By “lazy or idle” Nietzsche does not mean those who don’t accomplish anything. On the contrary, he means those who are “slaves to their work, even if they happen to be statesmen, businessmen, officials, or scholars. [But] Off the job, they are essentially idle.” They are “active men” who are “lacking in higher activity” (3).

The third is more complicated. Rather than try to explain it, I will simply quote Miner quoting Nietzsche.

To experience this lack of intimacy between friends as a problem is not
necessarily wrong or unhealthy. But Nietzsche does not think that the solution
is to talk about it. The supposition that friends can “talk about everything” is
a vulgar error. To make the lack of intimacy into an item of discussion is to
take the first step toward killing the friendship. Thus he writes: “Lack of intimacy
among friends is a mistake that cannot be censured without becoming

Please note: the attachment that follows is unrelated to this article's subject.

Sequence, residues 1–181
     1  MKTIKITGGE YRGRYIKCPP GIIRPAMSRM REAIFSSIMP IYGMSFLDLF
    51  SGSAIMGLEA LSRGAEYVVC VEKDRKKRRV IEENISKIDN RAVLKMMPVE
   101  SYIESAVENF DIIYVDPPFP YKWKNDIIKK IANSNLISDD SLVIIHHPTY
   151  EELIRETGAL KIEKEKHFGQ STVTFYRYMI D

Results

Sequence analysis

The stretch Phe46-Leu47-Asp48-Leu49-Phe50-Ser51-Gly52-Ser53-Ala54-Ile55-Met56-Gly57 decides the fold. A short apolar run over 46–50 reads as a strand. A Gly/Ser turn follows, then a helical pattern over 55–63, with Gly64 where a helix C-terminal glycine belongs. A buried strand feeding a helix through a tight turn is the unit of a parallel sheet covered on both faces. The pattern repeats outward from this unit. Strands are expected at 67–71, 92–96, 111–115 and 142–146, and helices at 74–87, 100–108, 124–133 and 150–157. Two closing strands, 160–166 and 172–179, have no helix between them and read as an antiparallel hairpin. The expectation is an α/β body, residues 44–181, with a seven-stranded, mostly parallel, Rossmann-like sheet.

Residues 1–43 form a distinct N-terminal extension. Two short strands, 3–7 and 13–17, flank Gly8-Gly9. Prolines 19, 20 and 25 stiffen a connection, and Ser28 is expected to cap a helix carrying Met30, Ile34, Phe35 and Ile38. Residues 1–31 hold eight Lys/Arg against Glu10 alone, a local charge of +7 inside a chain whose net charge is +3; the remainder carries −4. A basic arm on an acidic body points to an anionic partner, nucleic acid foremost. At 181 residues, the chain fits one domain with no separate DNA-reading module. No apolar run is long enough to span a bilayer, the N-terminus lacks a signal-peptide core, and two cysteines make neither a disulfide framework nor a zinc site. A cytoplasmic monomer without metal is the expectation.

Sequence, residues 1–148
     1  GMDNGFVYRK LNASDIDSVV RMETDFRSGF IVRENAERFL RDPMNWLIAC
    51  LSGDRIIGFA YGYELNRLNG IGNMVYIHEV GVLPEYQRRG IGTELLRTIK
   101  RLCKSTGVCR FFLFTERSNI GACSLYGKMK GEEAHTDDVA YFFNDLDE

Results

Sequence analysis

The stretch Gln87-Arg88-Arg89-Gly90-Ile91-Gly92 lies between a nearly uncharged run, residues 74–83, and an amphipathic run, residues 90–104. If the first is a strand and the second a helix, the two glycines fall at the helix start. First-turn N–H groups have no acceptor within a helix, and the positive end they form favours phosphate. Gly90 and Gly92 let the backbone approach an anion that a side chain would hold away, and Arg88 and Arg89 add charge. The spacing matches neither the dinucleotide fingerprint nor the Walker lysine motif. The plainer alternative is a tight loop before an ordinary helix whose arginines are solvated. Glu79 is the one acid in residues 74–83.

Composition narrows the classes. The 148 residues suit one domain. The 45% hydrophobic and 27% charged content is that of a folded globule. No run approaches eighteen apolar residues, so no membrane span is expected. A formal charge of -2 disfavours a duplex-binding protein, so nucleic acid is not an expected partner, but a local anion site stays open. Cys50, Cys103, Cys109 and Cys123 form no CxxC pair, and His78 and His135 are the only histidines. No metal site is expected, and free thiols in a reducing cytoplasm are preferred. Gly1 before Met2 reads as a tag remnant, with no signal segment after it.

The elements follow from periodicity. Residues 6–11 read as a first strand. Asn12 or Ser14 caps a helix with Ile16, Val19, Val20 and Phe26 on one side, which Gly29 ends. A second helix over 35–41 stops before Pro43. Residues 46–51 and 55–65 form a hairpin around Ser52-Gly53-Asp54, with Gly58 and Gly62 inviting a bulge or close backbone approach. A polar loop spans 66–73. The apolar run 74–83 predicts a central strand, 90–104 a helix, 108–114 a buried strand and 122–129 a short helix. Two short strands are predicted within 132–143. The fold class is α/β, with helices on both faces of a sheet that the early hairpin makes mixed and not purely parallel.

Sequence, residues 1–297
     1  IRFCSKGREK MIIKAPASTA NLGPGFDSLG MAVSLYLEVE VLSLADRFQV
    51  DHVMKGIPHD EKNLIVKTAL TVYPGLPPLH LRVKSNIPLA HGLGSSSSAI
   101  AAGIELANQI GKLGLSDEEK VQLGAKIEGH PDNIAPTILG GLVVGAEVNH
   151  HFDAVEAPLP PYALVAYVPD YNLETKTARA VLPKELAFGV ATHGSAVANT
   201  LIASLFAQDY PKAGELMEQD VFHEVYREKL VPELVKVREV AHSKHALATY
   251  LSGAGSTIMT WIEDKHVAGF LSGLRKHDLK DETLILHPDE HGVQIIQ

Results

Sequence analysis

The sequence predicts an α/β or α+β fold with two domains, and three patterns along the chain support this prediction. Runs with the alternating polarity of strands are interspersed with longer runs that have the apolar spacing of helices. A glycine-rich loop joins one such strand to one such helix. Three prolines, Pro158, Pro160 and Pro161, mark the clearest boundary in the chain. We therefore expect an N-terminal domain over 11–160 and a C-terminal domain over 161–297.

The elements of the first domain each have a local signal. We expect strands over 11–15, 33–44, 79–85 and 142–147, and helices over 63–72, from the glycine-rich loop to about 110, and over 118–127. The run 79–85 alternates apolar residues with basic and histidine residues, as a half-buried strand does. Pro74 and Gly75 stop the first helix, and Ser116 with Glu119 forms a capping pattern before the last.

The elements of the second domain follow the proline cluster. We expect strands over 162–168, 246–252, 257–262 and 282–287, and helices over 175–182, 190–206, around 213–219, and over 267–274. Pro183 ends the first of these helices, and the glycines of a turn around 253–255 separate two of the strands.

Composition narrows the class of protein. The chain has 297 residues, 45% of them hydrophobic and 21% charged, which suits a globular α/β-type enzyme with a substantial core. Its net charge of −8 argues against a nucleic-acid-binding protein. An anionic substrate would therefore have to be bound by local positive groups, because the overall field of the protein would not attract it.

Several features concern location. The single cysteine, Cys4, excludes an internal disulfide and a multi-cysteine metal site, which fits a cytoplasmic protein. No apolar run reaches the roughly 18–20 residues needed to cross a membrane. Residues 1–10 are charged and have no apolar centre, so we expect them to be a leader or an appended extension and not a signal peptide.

irreparable.”

When I was taking a class in the history of Dallas, I interviewed several gay men who (in 1995) were over eighty years old. They were interesting men with fascinating stories to tell about their own lives and the lives of the gay community in Dallas pre-Stonewall. The man I remember most clearly was a retired Methodist minister living in a Methodist retirement community. Alone.

Lonely.

He had but a couple of acquaintances in a community of about 200 elderly folk. He was a person whose life had been devoted to, in Nietzsche’s terms, “higher activity.” I don’t mean being a minister. He read. He loved music. He was something of a Renaissance man who had had many friends, but he was alone.

I remember his saying he didn’t want a friend he could talk to about himself, about his sexuality. That was not necessary. He simply wanted someone to be with—not someone he could talk with about “anything,” but someone he didn’t need to talk with about “everything.”